American Psycho, Bret Easton Ellis
Read: 18 July to 11 August 2011
3 / 5 stars
Is Patrick Bateman a
murderous sociopath? Or just some narcissistic Wall Street yuppie whose
delusions of grandeur nearly had me puking all over the book? I have no
bloody clue because the only way I could get through this novel was
reading it as an allegory for the evil of capitalism. That's not the
point, I'm sure, but it did make things interesting, if not bearable.
only real answer I can offer is to the question of whether Brett Easton
Ellis is a writer with whom I'd voluntarily spend 15 minutes alone
(which is a resounding 'hell no'). As much as I'd like to pick his
brain, I'm afraid of what would ultimately happen to mine -- microwaved?
stapled to the floor? fed to a chow?
I will say, for its more
gruesome moments (and there are many, all of which are infinitely more
visceral than anything I've read before -- and I've read a lot of King,
which means I've mostly unflinchingly encountered a dude's manhood
unceremoniously shoved into his mouth and left to rot), the quality of
the writing was damn good. Ellis does whirlwind narratives well, and
he's a mighty fine wordsmith.
Unfortunately, Ellis also has a
knack for creating some deeply disturbed and deeply disturbing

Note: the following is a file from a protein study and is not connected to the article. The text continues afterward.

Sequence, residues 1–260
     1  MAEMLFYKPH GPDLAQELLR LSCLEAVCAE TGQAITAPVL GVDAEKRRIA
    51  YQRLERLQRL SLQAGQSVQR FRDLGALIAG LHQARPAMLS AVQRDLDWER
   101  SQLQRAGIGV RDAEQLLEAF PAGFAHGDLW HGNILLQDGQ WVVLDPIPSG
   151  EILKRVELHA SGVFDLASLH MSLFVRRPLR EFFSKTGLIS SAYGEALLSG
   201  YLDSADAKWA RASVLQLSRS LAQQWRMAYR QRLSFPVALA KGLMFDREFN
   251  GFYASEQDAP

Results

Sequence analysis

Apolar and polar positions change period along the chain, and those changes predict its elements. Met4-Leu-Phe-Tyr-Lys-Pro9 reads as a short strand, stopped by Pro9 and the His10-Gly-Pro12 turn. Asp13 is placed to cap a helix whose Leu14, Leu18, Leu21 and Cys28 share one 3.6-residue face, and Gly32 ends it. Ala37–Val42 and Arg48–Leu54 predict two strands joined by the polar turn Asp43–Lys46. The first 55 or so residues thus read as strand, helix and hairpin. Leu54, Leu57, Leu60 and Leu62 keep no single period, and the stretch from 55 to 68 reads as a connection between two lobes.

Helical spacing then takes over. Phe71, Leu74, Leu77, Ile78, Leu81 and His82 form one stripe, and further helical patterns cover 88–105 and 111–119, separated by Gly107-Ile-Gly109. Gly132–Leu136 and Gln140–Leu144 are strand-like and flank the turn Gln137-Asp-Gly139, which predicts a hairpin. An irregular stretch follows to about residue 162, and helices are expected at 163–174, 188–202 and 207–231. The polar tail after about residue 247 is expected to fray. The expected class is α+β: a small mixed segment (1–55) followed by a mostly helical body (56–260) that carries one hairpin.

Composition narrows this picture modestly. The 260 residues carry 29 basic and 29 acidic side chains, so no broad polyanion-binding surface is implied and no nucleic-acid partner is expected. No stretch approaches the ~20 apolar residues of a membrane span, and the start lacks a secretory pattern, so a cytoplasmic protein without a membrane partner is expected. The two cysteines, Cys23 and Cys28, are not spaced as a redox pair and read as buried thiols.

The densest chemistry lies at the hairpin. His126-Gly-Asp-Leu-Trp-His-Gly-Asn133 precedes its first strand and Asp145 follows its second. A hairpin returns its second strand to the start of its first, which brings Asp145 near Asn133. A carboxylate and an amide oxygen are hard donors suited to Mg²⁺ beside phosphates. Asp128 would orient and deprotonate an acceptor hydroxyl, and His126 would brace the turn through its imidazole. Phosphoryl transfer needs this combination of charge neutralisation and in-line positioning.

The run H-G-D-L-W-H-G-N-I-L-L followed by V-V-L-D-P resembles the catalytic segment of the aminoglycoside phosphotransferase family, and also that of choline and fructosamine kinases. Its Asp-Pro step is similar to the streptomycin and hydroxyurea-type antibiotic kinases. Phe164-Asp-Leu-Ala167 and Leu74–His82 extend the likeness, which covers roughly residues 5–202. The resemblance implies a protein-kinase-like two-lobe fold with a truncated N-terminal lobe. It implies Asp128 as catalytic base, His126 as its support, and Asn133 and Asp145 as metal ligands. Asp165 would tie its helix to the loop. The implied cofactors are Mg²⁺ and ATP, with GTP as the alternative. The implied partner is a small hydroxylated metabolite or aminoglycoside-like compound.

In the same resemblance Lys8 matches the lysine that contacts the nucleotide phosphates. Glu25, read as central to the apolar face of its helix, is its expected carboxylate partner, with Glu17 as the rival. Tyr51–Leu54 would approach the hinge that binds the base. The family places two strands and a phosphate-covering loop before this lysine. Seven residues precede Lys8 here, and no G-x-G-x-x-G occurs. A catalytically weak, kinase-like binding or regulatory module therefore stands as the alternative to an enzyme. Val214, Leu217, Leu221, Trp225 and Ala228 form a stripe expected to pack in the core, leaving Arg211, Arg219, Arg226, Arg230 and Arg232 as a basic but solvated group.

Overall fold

characters. Yes, the main character is horrifying for his realism, which
is a testament to Ellis's skills as a writer. The violence could have
turned into a self-parodying bloodbath. Bateman could have dissolved
into a prattling cliche. But.... hey, I've got a vivid imagination, too,
and a selectively weak stomach to go along with it, so picturing some
of the scenes was a bit much for me at times. As much as I'm inclined to
believe that this book is an eerily accurate depiction of what goes on
in a sociopath's mind, I enjoyed being trapped in Bateman's head very
little. He is probably the least reliable narrator in modern literature
and.... okay, that part of it WAS entirely too entertaining. Every
thought spilling from Bateman's unstable mind was as plausible as
getting reservations for eight-o'-clock tonight at Dorsia, and that
knowledge had me snickering over certain passages far more than any sane
In short: It's a good book, yes, but I'll be damned if I'm ever reading it again.